Handicapping the presidential debate

2 Oct

The first presidential debate will take happen tomorrow.

Here’s some of the prevailing wisdom:

New York Times is reporting that Romney’s team has concluded that debates are about creating moments.

So it has given him with a series of zingers that he has memorized and has been practicing on aides since for several months.

They say the idea is to getting the president to appear smug or evasive about his responsibility for the economy.

This is amazingly crazy.

In your wildest imagine, can you see Mitt Romney delivering a zinger?

Aides on both sides having been trying to raise the bar for their opponent’s performance so they won’t look so good.

Top Romney adviser Beth Myers sent out a memo arguing that Obama is “widely regarded as one of the most talented political communicators in modern history,” with eight presidential debates under his belt to Romney’s zero.

Obama’s campaign set its marker down earlier, calling Romney “quick, polished, and ready with a punchy attack” thanks to extensive preparation and his victories in the endless GOP primary debates.

The reality is Obama is winning right now, so a decisive victory in the first debate has gone from merely important to critical for Romney.

Romney needs a bounce, and will get one.
Small and very needed.

Rumor is Romney’s party and donors are on the verge of jumping ship, and the first debate is the only scheduled potential game-changer left.

He may have history in his side.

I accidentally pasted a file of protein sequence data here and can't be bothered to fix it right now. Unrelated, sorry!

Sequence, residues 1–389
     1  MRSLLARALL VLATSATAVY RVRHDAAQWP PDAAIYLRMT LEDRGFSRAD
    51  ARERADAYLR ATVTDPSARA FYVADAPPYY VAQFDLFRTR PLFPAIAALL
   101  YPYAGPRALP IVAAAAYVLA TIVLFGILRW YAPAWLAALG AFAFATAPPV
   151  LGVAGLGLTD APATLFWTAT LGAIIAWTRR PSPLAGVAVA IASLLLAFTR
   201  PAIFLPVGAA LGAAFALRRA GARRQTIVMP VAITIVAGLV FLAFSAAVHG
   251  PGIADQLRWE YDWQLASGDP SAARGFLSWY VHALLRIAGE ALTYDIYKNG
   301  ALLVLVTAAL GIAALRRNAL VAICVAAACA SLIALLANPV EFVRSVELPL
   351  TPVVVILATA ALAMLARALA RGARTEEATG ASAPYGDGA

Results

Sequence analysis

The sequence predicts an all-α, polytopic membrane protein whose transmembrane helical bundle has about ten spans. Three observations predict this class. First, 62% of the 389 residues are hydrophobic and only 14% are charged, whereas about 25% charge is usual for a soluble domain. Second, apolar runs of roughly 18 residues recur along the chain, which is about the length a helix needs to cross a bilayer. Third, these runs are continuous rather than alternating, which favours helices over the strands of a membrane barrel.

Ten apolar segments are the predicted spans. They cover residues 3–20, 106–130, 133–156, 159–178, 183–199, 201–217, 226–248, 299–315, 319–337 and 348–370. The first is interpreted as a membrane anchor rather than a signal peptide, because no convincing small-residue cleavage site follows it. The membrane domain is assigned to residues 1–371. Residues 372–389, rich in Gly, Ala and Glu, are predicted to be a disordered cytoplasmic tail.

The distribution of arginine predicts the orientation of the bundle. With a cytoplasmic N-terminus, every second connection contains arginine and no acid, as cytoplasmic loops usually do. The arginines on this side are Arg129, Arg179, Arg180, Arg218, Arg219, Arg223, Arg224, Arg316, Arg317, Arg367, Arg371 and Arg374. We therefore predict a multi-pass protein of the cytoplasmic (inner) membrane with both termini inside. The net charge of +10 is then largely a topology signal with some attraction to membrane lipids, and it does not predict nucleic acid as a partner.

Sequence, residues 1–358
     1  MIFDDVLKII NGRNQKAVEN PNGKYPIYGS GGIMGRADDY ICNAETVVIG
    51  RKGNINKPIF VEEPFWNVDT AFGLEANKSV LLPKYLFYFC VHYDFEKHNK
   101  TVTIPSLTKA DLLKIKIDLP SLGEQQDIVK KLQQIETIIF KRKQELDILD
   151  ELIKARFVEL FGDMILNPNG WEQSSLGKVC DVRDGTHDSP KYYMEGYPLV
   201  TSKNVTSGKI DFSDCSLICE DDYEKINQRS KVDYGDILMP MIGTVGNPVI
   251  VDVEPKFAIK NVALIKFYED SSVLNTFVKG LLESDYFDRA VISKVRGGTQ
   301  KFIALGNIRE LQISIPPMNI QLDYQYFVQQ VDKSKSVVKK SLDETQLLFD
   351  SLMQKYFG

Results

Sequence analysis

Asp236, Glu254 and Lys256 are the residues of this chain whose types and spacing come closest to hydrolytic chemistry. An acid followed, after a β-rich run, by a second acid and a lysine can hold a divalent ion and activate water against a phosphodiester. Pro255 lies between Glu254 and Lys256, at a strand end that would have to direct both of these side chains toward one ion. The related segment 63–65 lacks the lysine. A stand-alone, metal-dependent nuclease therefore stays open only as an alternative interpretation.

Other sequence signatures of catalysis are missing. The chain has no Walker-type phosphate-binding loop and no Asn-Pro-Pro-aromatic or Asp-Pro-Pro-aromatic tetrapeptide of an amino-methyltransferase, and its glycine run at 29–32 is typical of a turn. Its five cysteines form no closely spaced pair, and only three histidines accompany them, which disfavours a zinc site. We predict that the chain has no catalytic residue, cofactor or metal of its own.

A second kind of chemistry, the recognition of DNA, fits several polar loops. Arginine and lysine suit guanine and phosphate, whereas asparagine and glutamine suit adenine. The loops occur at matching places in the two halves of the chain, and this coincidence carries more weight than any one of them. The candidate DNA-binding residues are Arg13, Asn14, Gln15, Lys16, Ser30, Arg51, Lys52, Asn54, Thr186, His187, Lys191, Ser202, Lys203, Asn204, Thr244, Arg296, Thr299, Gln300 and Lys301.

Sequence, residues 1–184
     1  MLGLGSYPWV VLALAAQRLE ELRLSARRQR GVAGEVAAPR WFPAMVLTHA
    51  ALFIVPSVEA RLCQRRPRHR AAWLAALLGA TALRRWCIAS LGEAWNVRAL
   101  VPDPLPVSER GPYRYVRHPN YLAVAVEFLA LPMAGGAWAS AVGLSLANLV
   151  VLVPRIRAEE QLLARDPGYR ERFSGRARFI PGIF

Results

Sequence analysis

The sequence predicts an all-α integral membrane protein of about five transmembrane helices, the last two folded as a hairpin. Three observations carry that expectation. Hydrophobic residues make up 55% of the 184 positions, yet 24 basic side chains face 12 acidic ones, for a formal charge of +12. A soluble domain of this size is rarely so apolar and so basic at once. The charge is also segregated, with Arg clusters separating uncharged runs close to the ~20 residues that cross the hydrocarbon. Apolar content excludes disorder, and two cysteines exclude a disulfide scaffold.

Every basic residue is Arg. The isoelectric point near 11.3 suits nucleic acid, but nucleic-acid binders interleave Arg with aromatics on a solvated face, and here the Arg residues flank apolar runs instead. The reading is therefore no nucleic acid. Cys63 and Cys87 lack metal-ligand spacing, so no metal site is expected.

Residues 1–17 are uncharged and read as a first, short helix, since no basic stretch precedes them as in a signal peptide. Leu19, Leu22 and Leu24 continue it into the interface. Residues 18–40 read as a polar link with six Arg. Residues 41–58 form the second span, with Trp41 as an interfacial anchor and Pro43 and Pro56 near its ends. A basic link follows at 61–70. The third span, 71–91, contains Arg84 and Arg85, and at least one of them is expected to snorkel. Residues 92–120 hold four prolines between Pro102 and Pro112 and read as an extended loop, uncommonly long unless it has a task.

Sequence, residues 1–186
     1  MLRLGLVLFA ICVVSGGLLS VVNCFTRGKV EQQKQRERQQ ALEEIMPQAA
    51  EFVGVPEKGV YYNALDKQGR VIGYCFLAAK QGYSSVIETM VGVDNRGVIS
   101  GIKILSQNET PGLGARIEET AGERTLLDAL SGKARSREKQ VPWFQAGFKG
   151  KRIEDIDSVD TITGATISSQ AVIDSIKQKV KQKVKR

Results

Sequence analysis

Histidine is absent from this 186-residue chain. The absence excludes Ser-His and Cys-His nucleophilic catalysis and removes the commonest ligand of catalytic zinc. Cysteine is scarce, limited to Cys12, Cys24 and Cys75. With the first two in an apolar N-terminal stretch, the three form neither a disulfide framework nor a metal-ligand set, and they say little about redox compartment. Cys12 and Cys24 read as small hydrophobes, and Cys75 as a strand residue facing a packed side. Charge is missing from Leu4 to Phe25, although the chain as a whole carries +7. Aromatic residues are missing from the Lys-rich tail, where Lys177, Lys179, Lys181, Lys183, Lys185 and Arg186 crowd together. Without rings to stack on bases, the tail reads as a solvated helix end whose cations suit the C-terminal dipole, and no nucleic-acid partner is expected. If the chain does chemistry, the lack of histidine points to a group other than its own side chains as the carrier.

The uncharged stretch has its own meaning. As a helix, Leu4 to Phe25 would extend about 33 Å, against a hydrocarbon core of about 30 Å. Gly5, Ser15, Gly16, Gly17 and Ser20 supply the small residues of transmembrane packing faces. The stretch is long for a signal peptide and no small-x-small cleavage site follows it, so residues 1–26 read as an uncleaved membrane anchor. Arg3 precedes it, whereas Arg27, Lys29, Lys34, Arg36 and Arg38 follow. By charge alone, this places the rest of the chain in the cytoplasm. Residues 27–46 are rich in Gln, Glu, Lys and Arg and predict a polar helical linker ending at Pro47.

In the last almost 30 years in a first debate, against an incumbent president, a challenger tends to win.

Let’s be realistic:
One debate can’t save Romney.

It would take a insanely impressive performance to shake up this race.

Seriously, unless Obama uses the debate to unleash a profanity-laced diatribe against the people of Ohio and Florida, Romney’s best hope is a small bump in the polls.

In general, Debates rarely change anything.

In a tight race like this, a small bounce could be enough to nudge the election in competitive states like Colorado and Ohio, according to NBC.

But political scientists say there’s a tendency to overstate the impact of debates because they rarely if ever change the outcome of an election.

We tend to fixate on telling’ moments, like Ronald Reagan’s “there you go again” zinger in 1980.
But Reagan was already beating Jimmy Carter.

A great one-liner will win Romney some applause and a few headlines, but it won’t win him the White House.

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